Friday, March 26, 1999 | 10:03 a.m.
The first sign that something is awry in the Monte Carlo is actually several signs, all carrying the same ominous warning to casino visitors.
At first, the posted caution is remarkable for what it ignores. It does not forewarn tourists of gaming risks such as "Pumping hundreds of dollars into an 'Elvis' slot machine is no guarantee he'll actually sing for you."
Instead, it's a no-nonsense caveat to anyone venturing into a sequestered area illuminated by tanning booth-quality stage lights and patrolled by Monte Carlo's finest.
The notice: "A television program is being filmed in this area. By entering this area, you consent to your likeness being used in the program without compensation and you release 20th Century Fox Film Corporation from any liability on account of such usage.
"If you do not wish to be subject to the foregoing then please DO NOT ENTER INTO THIS AREA. Thank you."
If it sounds like a sinister missive befitting the surrealistic TV show "The X-Files," you hit the jackpot. The popular Fox television series lurched into the Monte Carlo earlier this week to film an episode starring the show's "Lone Gunmen," Ringo Langly (Dean Haglund), John Fitzergald Byers (Bruce Harwood) and Melvin Frohike (Tom Braidwood).
In an episode entitled "Three of a Kind," the trio is in town to infiltrate the annual International Defense Contractors' Convention to flesh out various black ops posing as contractors during a card game. It marks the first on-location production in the show's six seasons, and it's no accident it happened in Las Vegas.
"Las Vegas is a very user-friendly town for the type of work we do," Michael Watkins, co-executive producer of "The X-Files," said. "We had heard various good things from other shows and how hospitable everyone in Las Vegas is. But what's really important is how adept it is at handling change and volume at a moment's notice."
That unique malleability was apparent at Monte Carlo, when the casino was able to accommodate a half-dozen cameras, lights, extras and support staff without disrupting the activity on the casino floor. Aside from a few gawkers (and even a handful of groupies hoping for a Langly autograph), it was business as usual for chip-toting tourists and hotel employees.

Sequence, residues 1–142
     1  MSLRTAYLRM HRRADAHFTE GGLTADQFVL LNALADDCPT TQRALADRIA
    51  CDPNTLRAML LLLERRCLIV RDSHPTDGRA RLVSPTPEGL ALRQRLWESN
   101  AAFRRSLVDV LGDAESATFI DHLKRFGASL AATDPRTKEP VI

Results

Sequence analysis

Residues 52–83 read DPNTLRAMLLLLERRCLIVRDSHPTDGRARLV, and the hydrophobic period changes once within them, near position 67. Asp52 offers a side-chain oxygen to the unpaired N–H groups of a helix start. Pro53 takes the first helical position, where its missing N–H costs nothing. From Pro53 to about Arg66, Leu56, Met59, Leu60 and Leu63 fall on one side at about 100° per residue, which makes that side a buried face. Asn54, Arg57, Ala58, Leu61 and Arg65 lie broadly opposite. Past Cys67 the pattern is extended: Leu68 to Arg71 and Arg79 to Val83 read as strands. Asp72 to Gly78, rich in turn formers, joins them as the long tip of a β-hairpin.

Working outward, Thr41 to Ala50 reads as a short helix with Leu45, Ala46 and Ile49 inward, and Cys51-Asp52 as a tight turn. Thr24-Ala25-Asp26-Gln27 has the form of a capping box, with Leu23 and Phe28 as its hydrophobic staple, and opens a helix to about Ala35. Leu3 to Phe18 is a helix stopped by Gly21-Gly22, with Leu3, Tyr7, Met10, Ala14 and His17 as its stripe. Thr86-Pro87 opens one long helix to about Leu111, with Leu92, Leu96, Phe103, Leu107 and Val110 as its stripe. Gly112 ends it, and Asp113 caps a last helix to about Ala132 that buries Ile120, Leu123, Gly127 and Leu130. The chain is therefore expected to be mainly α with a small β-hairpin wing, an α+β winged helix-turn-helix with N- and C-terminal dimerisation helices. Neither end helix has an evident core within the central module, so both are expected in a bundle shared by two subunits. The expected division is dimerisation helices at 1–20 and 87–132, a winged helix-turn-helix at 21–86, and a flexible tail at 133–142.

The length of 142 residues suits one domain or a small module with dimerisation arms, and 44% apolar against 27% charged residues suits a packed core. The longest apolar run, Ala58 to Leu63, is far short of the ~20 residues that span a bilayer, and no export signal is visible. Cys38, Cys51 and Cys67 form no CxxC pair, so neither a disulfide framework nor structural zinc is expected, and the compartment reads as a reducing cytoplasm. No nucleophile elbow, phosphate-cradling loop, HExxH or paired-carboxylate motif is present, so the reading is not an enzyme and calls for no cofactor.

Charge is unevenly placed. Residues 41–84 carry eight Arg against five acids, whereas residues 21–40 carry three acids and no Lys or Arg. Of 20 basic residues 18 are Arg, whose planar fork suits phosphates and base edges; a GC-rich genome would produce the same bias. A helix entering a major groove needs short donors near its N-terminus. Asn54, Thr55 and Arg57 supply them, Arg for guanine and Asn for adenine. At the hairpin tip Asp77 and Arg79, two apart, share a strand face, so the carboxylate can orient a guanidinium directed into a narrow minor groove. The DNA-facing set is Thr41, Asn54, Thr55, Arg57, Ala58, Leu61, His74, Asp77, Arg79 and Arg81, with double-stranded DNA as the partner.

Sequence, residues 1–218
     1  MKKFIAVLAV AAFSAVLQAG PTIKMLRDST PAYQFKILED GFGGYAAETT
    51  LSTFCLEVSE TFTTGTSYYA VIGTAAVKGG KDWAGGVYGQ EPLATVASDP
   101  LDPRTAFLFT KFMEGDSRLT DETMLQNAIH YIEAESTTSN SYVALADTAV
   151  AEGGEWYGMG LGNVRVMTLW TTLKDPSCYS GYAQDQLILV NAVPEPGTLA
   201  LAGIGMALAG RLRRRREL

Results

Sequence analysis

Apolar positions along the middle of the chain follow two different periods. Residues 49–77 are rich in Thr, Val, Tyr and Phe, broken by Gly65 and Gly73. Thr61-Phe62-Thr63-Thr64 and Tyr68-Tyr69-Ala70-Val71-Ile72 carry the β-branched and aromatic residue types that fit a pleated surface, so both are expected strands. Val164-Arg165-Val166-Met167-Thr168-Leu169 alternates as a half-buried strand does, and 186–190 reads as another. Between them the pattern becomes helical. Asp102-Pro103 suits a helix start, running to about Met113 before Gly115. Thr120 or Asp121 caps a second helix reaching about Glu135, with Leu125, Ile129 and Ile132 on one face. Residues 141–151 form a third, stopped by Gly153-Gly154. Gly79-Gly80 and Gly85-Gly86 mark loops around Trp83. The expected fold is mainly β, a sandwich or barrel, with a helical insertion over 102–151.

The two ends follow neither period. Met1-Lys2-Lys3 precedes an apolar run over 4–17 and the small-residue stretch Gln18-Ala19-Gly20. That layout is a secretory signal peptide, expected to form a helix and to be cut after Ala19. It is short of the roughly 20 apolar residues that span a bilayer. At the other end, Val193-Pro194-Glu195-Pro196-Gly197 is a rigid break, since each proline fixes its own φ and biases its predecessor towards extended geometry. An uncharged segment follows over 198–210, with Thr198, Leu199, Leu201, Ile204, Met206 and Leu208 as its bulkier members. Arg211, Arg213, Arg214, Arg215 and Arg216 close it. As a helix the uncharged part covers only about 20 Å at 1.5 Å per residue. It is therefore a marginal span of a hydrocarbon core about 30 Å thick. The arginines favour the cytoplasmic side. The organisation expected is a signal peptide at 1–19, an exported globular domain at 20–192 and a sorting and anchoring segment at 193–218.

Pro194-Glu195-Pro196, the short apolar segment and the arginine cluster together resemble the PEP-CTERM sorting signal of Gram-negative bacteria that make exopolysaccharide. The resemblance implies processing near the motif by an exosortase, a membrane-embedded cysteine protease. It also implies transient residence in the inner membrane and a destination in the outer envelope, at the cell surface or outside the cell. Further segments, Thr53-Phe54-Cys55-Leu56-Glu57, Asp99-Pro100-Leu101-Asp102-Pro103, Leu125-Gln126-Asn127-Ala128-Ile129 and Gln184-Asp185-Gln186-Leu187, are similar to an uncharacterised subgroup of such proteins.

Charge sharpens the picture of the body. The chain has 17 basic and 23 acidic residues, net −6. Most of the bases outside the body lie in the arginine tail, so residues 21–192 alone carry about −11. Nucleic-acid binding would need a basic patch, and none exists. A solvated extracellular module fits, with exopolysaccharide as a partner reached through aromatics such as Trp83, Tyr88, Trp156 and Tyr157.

"We did not want to literally shut down the casino," said Doug Dresser, the show's location manager, who spent nearly three weeks in Las Vegas prepping for the filming. "The reason we wanted to be here was for the simple elegance, the international look of a classy hotel. I looked out at the casino floor the other night and it looked like the scene out of a James Bond movie, and you can only get that here."
But it's not just TV shows trying to depict other-worldly intrigue that happen upon Las Vegas for distinctive set scenery.
We've got it all
For action-adventure fans who once tuned in weekly to watch babe magnet Dan Tanna (Robert Urich) cruise up and down the Strip in his tricked-out red Ford Thunderbird in "Vega$," the Tropicana is serving as the set for a pilot of "The Strip." The still-to-be-cast TV show is being produced by Hollywood heavyweight Joel Silver, whose credits include the "Lethal Weapon" series and Bruce Willis's "Die Hard" blastfests.
The Tropicana was also the site for the season-ending installment of UPN's time-travel series "7 Days," which was shot last month.
Veteran hit-maker Aaron Spelling is also jumping in with a one-hour action pilot written by "Twin Peaks" creator Mark Frost, hoping to duplicate his "Vega$" success of the late '70s in a fall action series. Spelling is also producing a sitcom centering around Rio workhorse Danny Gans, and that pilot will be shot in October at a site to be determined.
Naturally, the city attracts the more obtuse forms of entertainment, and Richard Simmons has chosen Las Vegas for his syndicated "Richard Simmons' Dream Maker," which debuts in the fall (again at a location to be determined), and Penn and Teller are awaiting word from cable's FX on the fate of "Sin City Spectacular," the dazzling (but expensive) variety show taped at three Las Vegas hotels in its first season.
Also, "Wheel of Fortune," the top-rated game show entering its 16th year of syndication, has made two Las Vegas appearances, and The Nashville Network staple "Prime Time Country" was in town in 1997 during the National Finals Rodeo and again in April of '98. Both shows were taped at the Las Vegas Hilton.
Add Fox's "Hidden Camera," which began shooting two episodes this week and will be in town through April 10, and open auditions for the Game Show Network's "Extreme Gong" earlier this week at the Fremont Street Experience, and it's clear that Las Vegas draws and accommodates television shows of any ilk.